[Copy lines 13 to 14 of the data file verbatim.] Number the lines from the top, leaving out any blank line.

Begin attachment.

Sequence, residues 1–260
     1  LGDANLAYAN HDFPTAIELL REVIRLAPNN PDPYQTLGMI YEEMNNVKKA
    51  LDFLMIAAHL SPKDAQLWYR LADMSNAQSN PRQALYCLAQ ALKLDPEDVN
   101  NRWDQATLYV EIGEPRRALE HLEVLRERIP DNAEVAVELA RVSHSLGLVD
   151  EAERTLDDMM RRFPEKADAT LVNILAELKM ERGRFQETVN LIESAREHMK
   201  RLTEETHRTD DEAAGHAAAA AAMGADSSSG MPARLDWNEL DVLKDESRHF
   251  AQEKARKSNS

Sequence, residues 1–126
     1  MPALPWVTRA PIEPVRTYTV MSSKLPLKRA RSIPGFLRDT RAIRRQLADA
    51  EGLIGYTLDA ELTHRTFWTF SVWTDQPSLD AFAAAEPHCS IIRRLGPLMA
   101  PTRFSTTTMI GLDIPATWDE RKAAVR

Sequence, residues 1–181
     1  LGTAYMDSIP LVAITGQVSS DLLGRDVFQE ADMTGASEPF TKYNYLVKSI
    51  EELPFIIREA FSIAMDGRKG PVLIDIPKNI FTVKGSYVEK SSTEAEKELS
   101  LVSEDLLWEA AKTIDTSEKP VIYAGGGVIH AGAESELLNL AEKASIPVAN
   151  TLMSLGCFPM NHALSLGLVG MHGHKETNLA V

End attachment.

     1  LGTAYMDSIP LVAITGQVSS DLLGRDVFQE ADMTGASEPF TKYNYLVKSI
    51  EELPFIIREA FSIAMDGRKG PVLIDIPKNI FTVKGSYVEK SSTEAEKELS